What’s at stake before the Supreme Court is how a secular society should respond to the growing demand for same-sex marriage. That is where Olson’s arguments seem so persuasive. How can a secular government grant marriage rights to some but not others?
Health-wise, today is a pretty fantastic day! Had my annual checkup this morning. My blood pressure was an astounding 122 over 80. I say astounding for those who don’t recall last summer, I was in the hospital for what turned out to be severe stage 3 of hypertension.
My good friend Patrick P took me to the hospital where I was quickly admitted after being triaged. What I thought was a major asthma attack turned out to me being diagnosed with the beginning stages of heart disease. A blood pressure level of 198 over 93 proved that. I had been misdiagnosed a few years earlier with asthma.
Last November, I saw a new doctor and a nutritionist. And together, we’ve worked a path towards a healthier life. No fads. No diets. But a change in lifestyle.
I’m not going to tell you that I have been 100 percent committed to this change. Nor will I say that I have not cheated or followed every restriction. But I am eating much healthier. I’ve cut down on my drinking (very hard). And as evident from my runkeeper.com posts, I get my exercise by walking all the time.
With tonight’s walk to and from the RNC headquarters for a holiday party, I hit an amazing milestone. I recorded my first walk on November 25, 2011. That was for 3.31 miles. With tonight’s 4.35 walk, I have officially walked 501 miles in 54 weeks! Cue up that contagious song from Benny and Joon by the Proclaimers. I’m down 43 pounds, my BMI has dropped by over 4 points, and my blood pressure is perfect. I still smoke too many cigars, but that’s not gonna change anytime soon.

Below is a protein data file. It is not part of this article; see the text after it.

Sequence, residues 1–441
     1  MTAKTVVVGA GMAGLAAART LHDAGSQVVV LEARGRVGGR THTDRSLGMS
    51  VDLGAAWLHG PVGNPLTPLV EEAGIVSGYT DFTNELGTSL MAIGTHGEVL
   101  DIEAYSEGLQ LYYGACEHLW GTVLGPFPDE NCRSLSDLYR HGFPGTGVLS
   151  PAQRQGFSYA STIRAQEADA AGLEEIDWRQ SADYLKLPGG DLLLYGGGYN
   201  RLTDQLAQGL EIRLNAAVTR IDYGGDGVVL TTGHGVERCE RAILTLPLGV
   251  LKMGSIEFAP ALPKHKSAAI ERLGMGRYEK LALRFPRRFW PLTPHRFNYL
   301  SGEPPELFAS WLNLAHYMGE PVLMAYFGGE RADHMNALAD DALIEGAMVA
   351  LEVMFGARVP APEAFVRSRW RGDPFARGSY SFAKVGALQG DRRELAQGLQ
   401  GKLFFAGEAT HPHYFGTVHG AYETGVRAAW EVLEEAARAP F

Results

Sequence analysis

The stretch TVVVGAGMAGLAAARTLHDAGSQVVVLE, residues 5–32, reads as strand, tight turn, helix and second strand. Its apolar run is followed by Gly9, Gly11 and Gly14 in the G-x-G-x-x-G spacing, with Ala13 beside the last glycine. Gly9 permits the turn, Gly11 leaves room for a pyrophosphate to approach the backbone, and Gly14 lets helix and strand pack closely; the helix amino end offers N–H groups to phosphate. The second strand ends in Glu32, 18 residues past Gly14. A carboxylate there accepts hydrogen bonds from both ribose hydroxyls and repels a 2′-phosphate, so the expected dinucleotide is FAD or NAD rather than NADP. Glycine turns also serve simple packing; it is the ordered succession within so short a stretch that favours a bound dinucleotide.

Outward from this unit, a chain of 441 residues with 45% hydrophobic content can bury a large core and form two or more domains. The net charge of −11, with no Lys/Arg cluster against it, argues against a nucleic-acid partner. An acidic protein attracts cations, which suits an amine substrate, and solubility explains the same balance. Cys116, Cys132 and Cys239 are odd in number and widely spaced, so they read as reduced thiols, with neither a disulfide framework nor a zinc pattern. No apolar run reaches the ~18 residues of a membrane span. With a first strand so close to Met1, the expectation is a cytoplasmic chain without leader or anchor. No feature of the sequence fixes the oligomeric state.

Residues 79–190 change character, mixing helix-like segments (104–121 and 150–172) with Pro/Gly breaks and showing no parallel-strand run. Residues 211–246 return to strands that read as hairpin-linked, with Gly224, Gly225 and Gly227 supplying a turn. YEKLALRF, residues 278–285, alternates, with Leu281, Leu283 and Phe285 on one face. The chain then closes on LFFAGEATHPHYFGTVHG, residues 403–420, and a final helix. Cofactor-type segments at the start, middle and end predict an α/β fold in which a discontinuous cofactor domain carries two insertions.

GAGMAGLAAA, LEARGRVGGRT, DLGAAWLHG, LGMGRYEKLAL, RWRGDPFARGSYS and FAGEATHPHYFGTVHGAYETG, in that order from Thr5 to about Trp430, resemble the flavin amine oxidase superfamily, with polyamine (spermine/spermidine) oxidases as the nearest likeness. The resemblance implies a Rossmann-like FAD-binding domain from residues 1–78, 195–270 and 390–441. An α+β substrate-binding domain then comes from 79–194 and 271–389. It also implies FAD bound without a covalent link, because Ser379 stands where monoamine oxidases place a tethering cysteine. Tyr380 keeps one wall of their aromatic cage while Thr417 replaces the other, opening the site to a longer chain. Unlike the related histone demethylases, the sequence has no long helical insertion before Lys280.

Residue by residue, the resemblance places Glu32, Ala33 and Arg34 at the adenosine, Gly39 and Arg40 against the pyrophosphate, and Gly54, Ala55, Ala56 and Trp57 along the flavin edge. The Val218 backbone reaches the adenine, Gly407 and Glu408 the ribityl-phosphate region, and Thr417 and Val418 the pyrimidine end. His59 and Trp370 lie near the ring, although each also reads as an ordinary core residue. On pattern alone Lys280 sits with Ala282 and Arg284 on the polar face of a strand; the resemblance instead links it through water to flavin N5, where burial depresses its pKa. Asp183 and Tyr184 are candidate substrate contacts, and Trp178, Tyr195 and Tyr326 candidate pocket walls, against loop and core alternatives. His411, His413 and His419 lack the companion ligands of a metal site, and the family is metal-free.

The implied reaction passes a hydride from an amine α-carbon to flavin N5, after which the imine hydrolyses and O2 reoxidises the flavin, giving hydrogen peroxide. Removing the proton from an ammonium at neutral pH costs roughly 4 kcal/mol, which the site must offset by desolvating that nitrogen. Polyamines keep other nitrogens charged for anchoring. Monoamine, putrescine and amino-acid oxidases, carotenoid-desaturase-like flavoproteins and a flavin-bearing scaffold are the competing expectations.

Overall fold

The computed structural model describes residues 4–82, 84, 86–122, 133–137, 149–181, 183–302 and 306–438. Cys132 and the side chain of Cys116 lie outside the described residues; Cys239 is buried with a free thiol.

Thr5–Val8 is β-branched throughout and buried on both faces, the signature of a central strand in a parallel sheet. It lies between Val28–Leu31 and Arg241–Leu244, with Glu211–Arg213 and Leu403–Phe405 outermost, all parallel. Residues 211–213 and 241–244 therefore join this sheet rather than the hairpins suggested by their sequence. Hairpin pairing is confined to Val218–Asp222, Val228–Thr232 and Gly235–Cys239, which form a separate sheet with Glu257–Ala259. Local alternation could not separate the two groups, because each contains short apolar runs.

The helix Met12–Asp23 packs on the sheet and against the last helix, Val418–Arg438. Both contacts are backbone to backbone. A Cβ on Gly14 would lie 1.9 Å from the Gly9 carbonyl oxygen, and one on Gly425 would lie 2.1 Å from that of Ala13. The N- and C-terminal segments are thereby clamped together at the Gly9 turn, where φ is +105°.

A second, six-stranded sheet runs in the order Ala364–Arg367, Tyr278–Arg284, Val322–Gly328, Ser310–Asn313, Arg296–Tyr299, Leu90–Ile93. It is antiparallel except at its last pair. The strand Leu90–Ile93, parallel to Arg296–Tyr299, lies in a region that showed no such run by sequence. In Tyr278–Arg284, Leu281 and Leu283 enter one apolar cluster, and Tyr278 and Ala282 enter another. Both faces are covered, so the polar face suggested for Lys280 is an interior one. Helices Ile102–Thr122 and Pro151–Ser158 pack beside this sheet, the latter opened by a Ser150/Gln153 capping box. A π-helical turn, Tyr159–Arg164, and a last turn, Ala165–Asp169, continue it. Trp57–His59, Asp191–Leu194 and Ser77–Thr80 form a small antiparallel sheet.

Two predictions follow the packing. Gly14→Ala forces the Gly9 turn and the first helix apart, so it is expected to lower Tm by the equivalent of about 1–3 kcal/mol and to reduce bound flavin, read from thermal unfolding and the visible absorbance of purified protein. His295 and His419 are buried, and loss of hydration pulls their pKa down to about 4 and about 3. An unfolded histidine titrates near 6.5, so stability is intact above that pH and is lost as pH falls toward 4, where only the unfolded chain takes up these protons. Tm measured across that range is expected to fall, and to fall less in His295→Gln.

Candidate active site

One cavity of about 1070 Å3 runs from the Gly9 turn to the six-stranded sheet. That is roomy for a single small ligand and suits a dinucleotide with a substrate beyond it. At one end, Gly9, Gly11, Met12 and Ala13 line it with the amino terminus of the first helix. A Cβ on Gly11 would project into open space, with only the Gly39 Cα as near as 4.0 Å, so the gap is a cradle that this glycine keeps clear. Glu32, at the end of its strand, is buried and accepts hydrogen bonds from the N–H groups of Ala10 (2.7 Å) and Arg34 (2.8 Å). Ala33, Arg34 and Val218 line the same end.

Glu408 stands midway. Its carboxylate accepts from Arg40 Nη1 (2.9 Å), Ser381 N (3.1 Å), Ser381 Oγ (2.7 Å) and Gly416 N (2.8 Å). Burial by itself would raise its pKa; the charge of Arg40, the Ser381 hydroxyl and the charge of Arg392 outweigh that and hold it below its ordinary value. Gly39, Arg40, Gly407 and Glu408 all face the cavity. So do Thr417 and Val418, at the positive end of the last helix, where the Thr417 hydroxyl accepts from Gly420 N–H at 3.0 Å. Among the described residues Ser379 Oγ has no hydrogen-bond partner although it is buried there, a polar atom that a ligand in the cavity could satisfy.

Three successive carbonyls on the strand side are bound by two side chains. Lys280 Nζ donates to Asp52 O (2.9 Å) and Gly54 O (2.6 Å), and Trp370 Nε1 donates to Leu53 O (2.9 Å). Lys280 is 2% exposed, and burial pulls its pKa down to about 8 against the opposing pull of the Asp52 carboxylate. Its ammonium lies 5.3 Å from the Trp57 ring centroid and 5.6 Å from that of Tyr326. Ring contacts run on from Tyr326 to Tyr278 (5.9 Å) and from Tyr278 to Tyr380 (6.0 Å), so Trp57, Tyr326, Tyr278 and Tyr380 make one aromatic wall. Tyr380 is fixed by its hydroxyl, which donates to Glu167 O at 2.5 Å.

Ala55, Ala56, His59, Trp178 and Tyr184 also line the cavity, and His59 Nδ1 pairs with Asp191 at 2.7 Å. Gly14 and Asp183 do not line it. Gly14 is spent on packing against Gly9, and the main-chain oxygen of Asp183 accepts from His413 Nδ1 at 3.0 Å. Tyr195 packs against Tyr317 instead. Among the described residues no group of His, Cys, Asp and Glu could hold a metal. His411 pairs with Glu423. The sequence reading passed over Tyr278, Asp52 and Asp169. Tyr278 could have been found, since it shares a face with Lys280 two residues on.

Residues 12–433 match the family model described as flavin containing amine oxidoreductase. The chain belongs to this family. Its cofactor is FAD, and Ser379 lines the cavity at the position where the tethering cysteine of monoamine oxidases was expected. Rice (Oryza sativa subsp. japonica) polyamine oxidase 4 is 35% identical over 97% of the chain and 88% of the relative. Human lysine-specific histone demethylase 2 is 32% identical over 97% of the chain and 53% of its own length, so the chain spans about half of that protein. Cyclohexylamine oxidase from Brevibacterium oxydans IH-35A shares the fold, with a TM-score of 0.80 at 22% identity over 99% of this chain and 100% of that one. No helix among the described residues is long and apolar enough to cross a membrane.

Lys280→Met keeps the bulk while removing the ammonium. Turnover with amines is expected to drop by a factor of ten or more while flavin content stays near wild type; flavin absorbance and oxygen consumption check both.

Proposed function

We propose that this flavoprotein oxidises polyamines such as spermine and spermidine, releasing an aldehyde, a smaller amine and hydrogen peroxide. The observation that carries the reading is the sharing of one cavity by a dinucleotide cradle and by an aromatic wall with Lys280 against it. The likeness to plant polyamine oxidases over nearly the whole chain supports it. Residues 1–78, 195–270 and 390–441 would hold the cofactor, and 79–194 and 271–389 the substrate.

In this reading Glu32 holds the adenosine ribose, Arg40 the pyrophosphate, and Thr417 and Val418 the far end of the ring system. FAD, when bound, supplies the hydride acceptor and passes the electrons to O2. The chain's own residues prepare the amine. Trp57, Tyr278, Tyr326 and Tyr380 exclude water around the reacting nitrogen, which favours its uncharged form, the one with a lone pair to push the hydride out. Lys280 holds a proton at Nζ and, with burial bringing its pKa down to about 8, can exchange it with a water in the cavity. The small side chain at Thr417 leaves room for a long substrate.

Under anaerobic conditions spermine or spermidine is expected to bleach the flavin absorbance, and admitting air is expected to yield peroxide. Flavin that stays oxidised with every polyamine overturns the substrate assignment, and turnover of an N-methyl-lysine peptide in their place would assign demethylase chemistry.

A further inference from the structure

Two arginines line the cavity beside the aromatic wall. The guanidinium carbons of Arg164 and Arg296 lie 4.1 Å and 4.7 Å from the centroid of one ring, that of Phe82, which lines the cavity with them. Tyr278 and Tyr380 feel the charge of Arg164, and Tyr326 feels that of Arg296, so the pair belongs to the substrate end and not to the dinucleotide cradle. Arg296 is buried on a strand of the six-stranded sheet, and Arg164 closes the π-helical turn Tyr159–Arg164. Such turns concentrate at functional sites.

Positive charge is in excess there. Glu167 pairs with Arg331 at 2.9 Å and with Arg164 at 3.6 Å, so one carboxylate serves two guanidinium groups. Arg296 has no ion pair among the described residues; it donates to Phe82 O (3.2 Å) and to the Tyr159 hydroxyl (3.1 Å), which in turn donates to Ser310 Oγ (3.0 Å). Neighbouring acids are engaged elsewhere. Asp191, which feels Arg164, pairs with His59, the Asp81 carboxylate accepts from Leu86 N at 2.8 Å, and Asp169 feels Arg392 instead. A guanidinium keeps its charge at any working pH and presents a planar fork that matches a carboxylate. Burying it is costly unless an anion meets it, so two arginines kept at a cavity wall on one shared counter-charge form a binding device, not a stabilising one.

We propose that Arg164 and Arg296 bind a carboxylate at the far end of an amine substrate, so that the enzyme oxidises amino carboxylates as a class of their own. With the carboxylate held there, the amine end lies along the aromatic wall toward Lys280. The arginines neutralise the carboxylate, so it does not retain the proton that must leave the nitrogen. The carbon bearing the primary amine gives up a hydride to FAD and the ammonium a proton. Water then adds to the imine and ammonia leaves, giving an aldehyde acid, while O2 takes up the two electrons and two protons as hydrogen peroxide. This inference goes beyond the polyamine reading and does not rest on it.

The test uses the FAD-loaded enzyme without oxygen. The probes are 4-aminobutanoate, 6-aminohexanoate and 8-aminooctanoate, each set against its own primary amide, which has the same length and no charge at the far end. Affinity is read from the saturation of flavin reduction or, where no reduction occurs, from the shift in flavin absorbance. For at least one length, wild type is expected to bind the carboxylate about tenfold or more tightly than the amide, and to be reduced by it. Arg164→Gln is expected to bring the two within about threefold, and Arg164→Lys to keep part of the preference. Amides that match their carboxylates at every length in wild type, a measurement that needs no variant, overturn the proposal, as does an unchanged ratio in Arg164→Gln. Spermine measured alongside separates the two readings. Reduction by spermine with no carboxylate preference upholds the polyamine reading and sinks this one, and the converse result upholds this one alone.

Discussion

But as I conclude the year, I revel in the knowledge that I’m much healthier than when I started.
I read a Politico posting this afternoon suggesting that former Congressman J.C. Watts may jump in the race for RNC Chairman next month. An interesting proposition.
But let’s look at a few basic facts. Mr. Watts says he is being “encouraged” by supporters to run. Who are these supporters? They don’t seem to be current members of the RNC. In fact, the article points out that Matt Pinnell, the Chairman of the Oklahoma Party and one of the 168 who will vote for the next RNC Chairman is backing Priebus for reelection.
While a cursory look at the RNC Rules does allow for a non-member to run for Chair or Vice-Chair, in order to be nominated, one must have the support of at least the majority vote of RNC members in each of three states in order to have his or her names placed in nomination. So where does he go for those initial votes if his home state chairman is supporting Priebus? And even if he were to get nominated, where does he get the votes? Preibus already has 130 of the 168 votes locked up.